News & Analysis

Governor Evers signed a budget passed by the Legislature that includes a more than 30% starting pay raise for assistant district attorneys and assistant public defenders and more flexibility for merit-based pay raises for attorneys currently in those roles. This makes the compensation for these roles more competitive and should reduce the high rates of turnover currently existing in District Attorney and public defender offices. 

The Badger Institute supports a flat-rate individual income tax, a structure increasingly adopted by competing states. We have spent years researching options for reform that includes a single, low rate. But if that is out of the question as budget negotiations proceed, the priority should be Wisconsin’s top rate.

Among the bills Republicans are considering in the Legislature is one eliminating the last remnants of Wisconsin’s personal property tax. The bill, AB2, sponsored by Rep. Dan Knodl (R-Germantown), would end property taxes on everything but real estate.The move is one the Badger Institute long has advocated.

The bargain struck Thursday between legislative leaders and the governor ensures the financial sustainability of the school choice and charter school programs but that also increases the low revenue ceiling for public school districts that are on the bottom of the revenue spectrum.

“This is good day for Wisconsin, and for anyone who cares about our children – parents who want more power over their kids’ education, teachers who work so hard, and school administrators who have long worried about sustainability,” said Badger Institute President Mike Nichols.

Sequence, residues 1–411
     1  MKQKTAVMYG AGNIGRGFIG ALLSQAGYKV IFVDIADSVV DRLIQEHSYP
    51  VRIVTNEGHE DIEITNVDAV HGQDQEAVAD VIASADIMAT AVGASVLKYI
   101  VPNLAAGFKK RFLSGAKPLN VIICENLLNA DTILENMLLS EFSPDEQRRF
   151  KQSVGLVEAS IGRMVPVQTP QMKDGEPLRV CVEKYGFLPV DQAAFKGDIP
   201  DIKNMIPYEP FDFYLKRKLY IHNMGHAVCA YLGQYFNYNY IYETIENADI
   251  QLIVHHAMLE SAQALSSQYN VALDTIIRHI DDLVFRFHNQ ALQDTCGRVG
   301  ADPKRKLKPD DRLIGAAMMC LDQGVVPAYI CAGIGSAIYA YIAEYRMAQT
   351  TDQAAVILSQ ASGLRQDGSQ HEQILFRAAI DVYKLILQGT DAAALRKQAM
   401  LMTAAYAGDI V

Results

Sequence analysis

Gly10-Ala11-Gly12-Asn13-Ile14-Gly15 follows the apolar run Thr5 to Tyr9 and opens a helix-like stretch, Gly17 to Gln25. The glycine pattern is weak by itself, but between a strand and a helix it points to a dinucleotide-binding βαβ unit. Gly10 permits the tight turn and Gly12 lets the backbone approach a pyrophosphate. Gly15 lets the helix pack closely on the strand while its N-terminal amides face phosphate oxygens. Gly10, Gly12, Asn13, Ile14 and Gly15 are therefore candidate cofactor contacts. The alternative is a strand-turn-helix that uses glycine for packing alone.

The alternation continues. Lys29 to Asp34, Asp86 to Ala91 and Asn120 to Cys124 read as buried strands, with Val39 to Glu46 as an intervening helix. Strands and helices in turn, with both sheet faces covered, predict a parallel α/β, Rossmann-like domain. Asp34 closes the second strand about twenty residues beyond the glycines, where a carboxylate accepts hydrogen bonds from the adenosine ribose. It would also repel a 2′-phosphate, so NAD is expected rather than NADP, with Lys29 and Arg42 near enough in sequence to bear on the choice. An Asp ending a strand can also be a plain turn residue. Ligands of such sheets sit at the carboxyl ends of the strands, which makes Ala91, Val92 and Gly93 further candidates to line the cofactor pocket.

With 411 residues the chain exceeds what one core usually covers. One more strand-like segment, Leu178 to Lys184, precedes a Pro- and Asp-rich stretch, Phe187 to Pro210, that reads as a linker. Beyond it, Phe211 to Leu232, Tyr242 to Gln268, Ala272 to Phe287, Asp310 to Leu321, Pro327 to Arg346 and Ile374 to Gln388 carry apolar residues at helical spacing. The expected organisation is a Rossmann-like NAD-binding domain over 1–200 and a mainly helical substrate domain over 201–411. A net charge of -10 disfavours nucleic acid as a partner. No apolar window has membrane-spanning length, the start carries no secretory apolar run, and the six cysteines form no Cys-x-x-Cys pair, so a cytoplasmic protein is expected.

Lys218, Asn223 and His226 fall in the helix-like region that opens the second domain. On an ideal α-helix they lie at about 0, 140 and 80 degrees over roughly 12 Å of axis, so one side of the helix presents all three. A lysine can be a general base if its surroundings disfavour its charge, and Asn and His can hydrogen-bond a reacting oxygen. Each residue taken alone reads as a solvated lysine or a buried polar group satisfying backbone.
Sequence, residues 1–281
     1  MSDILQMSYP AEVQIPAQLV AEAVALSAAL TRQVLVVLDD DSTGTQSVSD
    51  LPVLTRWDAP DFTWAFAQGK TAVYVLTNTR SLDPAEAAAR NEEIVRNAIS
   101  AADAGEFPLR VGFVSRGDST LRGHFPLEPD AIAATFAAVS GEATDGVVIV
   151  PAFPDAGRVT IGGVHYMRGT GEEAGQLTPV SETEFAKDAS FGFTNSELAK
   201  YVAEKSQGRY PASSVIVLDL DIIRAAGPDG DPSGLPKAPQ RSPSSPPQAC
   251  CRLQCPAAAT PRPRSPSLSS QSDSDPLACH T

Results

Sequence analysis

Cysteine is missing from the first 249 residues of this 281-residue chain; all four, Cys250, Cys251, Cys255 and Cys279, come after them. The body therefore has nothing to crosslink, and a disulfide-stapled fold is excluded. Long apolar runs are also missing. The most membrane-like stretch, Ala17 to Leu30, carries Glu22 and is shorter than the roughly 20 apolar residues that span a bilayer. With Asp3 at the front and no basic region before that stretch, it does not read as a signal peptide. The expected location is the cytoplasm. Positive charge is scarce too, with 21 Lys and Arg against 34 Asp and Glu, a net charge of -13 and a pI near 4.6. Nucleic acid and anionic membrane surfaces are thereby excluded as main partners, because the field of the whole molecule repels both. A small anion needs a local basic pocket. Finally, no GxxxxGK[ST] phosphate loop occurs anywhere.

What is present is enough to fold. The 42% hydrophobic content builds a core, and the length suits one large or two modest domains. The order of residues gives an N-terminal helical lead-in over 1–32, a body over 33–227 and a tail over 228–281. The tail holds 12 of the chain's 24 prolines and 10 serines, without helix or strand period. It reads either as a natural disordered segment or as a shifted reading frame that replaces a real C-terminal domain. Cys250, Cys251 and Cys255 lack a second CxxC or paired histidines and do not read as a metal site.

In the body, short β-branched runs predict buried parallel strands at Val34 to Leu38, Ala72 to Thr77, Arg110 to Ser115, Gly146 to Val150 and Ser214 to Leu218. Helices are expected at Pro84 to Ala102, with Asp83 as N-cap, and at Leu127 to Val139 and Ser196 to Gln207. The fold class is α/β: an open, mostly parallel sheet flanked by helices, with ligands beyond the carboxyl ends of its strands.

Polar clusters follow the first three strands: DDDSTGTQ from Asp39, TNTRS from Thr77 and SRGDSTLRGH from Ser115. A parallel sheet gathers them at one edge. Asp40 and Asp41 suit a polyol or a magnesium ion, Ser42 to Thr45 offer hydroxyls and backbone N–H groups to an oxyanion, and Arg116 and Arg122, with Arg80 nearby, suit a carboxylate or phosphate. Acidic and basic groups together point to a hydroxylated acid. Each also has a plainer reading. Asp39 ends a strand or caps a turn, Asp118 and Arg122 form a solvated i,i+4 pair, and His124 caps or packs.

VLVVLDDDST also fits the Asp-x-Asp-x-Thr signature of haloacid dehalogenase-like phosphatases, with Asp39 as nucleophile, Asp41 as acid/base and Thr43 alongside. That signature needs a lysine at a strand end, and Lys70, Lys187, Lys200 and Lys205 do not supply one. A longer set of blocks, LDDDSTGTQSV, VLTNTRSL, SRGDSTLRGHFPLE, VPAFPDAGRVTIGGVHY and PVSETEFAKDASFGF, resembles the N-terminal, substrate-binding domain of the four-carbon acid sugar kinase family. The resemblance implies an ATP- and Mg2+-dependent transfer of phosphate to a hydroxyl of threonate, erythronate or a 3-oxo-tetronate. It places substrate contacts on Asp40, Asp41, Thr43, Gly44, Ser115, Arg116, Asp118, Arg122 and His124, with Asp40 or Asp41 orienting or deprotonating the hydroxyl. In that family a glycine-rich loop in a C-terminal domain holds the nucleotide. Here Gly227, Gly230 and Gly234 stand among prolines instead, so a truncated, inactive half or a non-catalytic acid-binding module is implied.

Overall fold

A deal that allows both the City of Milwaukee and Milwaukee County to raise sales taxes also requires that 25 police officers be placed back in crime-ridden Milwaukee Public Schools.  

“This is a great victory for all the good kids in MPS schools who just want to learn, want to be safe, want a way up,” said Mike Nichols, president of the Badger Institute, which has been pushing for cops in schools for much of the last year.

Thousands of Wisconsin renters caught a break when the Centers for Disease Control and Prevention imposed a moratorium on evictions in September 2020, ostensibly to prevent the spread of the COVID-19 virus. But Wisconsin landlords like Mike Cerns had already paid the price. Cerns estimates he lost between $60,000 and $80,000 in unpaid rental income and the cost of repairing property damage from bad tenants he could not evict. “The federal government essentially stole my property during the eviction moratorium and the courts were an accessory to the theft,” he says.